Helping Mother Earth

West Branch School students participate in litter cleanup and poster project

PHOTO PROVIDED
West Branch School students display the posters they made during an Earth Day event held last month.

PHOTO PROVIDED West Branch School students display the posters they made during an Earth Day event held last month.

By JORDAN MUSHENO

jmusheno@sungazette.com

Students from West Branch School recently took part in an Earth Day project and litter cleanup.

To help boost the awareness and importance of the holiday and a litter free Earth, the students created their own posters to coincide with the event. The posters, which ignite the sentiment that encompasses the holiday and aim to promote personal responsibility, showcase designs invoking everything from local to global environmental problems.

The project, which is held twice a year by the Newberry Community Partnership in September and April, was held at the West End Community Center on the corner of West Fourth and Diamond streets on Earth Day. Trash bags, gloves and refreshments were provided. The project was part of the Great American Clean UP of PA, which supplied the litterbugs through PennDOT.

Third through sixth grade students got involved, in part, thanks to Julie Hulslander, who retired from West Branch School after teaching for 12 years. And she got her start after involvement in the Newberry Community Partner­ship.

“I’m a former teacher at West Branch and have been involved with the Newberry Community Partnership for several years,” she said. “My participation in the Safe, Green and Clean committee has been helpful in organizing the two litter cleanups twice a year.”

“A year ago we had an idea that would be really fun,” she added. “To have students make posters, kids art work, to go along with event to remind the greater community about cleaning your litter.”

But it all came out of a personal need to keep the earth clean. “I have a passion for it because I can’t stand seeing a lot of litter,” Hulslander said. “And its something that people can do to have an immediate impact on our surroundings”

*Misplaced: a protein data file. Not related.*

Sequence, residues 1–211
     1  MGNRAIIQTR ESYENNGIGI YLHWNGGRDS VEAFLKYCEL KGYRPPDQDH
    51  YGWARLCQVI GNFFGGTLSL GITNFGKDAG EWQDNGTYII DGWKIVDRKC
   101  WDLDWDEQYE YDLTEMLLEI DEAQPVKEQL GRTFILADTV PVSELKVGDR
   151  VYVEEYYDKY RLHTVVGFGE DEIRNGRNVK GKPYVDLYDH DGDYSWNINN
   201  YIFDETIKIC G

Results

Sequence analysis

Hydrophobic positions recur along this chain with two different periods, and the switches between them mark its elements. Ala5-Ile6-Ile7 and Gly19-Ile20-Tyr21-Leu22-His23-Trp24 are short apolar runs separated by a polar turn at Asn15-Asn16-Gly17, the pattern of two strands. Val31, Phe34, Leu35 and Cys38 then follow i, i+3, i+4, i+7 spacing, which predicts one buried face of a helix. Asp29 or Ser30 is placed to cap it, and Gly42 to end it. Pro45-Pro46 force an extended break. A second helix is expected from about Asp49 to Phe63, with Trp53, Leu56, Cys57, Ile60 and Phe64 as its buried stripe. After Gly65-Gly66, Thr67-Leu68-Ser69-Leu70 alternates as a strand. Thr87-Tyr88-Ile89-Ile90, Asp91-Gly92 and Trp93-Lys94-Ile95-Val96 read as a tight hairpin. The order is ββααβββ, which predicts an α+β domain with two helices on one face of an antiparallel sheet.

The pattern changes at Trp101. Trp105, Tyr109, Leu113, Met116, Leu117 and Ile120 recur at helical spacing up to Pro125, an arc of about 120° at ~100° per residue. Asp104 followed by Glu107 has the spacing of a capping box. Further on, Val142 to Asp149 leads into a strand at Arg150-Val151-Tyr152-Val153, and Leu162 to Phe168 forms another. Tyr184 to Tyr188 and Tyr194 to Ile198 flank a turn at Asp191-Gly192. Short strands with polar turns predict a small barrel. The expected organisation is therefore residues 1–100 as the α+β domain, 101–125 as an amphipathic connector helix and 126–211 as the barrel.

But it isn’t only students who participate in the event. Everyone from families, Americorps volunteers, Scout groups and church groups also have participated.

“It was really successful,” Hulslander said. “Two or three art pieces were transferred to permanent banners we have hung as we speak.”

Posters were placed around storefronts, on lawns, metal stands and rackets after the students get them laminated, according to Hulslander.

Previously, West Branch students participated by doing the litter cleanups only during school hours. Hulslander believed incorporating the poster-making project would help get the students involved more, as well as provide an eye-catching reminder to the community to stay on top of keeping the environment clean.

Some of the pieces, which don’t remain in town all year long, are showcased at the school’s annual fair each May. The posters read everything from “don’t be a litter bug” to encouraging the community to recycle and to “keep Newberry clean.”

But personally, and most importantly, Hulslander believes that instilling an environmentally conscious view in children is vital. “It’s important to start young and educate children on the importance of not littering and recycling,” she said.

And its impact on the students has been lasting. “I hope to achieve an awareness of the importance of keeping our part of town litter free,” she said. “Also, definitely the creative aspect of kids creating art for the sake of spreading a message, not just painting a picture.”

Hulslander plans to keep the tradition going, and to repeat the process of creating new pieces that are both aesthetically pleasing and environmentally conscious each year.

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